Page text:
Of Levinas and Shakespeare:  To See Another Thus, edited by Moshe Gold, Sandor Goodhart, and Kent Lehnhof, Purdue University Press, 2018.

Scholars have used Levinas as a lens through which to view many authors and texts, fields of endeavor, and works of art. Yet no book-length work or dedicated volume has brought this thoughtful lens to bear in a sustained discussion of the works of Shakespeare. It should not surprise anyone that Levinas identified his own thinking as Shakespearean. "The play’s the thing" for both, or put differently, the observation of intersubjectivity is. What may surprise and indeed delight all learned readers is to consider what we might yet gain from considering each in light of the other.

2017

Callin a Wolf a Wolf

Calling a Wolf a Wolf, Kaveh Akbar, Alice James Books, 2017.

This highly-anticipated debut boldly confronts addiction and courses the strenuous path of recovery, beginning in the wilds of the mind. Poems confront craving, control, the constant battle of alcoholism and sobriety, and the questioning of the self and its instincts within the context of this never-ending fight.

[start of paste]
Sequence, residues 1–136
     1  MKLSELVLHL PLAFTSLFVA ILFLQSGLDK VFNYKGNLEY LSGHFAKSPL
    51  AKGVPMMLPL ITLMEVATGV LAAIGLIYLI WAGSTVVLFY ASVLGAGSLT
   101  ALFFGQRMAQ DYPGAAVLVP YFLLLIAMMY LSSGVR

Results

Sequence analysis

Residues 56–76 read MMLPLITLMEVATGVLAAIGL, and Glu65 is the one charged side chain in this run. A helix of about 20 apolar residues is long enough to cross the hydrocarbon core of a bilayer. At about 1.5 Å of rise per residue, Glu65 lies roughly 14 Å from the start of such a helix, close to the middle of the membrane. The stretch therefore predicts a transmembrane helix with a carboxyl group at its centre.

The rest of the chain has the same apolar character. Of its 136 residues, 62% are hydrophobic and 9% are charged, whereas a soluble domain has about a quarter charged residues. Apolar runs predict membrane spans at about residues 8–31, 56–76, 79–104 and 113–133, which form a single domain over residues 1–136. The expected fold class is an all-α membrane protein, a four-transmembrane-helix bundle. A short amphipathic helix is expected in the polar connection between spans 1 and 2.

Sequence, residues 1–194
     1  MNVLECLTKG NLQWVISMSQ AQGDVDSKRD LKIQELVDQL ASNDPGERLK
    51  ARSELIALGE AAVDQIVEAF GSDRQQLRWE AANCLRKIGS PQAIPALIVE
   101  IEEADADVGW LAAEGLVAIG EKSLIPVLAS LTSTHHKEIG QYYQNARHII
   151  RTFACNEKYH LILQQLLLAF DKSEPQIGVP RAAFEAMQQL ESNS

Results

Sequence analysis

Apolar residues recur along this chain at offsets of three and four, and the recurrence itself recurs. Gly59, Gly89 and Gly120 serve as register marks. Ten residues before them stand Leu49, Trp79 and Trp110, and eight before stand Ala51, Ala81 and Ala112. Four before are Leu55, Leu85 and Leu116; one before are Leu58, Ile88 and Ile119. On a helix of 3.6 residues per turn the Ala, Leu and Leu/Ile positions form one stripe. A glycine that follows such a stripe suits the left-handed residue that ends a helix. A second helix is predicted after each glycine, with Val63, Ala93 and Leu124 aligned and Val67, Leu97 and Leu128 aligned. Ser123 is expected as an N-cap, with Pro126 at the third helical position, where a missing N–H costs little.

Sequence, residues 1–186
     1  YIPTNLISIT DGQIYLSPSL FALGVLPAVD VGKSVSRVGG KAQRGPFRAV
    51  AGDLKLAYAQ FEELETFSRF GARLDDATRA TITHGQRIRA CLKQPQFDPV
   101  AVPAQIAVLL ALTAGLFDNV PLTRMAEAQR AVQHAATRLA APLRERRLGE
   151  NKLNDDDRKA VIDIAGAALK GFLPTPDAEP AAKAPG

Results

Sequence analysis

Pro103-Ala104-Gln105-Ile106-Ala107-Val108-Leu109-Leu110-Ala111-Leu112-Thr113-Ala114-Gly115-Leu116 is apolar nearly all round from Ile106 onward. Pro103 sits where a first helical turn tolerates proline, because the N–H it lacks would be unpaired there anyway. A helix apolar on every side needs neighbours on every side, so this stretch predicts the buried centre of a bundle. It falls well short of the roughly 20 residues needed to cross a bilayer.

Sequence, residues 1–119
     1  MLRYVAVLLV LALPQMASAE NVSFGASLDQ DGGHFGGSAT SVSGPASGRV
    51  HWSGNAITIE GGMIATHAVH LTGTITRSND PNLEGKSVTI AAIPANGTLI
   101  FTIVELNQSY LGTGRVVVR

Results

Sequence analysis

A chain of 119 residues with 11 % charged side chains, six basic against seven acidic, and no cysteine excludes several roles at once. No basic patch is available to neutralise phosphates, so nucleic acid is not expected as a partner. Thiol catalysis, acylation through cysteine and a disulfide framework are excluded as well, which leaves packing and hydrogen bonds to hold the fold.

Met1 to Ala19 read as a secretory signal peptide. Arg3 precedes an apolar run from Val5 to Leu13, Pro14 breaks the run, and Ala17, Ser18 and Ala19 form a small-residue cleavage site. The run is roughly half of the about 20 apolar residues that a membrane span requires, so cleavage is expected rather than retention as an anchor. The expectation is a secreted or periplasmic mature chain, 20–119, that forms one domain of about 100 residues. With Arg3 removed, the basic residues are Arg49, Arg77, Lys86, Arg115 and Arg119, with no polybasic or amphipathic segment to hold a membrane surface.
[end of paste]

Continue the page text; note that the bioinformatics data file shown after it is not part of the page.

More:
Don Platt Man Praying

Donald Platt, Man Praying. (2017)

In his sixth book, Donald Platt starts a poem by exclaiming, “The days are one thousand / puzzle pieces.” He gathers up the days into this book of terrors and ecstasies decanted in seamlessly reversing tercets of long and short lines, syllabic couplets, and lyric prose. The puzzle pieces include a dying father-in-law, AIDS, maimed World War I veterans, Caravaggio’s painting of the beheading of St. John the Baptist (his largest canvas), and the story of a gay boxer who KOs and kills the opponent who has called him a faggot at the weigh-in. It is a book that encompasses contradictions. The poet writes about his bisexuality, his close and intimate marriage, Rudolf Nureyev, a daughter with manic depression, a painting by James Ensor entitled Christ’s Entry into Brussels in 1889, and la Playa los Muertos, the Beach of the Dead in Puerto Vallarta, Mexico. The poet puts these fragments of a life together into a thousand-piece jigsaw, a self-portrait of the artist in middle age, and calls it unabashedly Man Praying.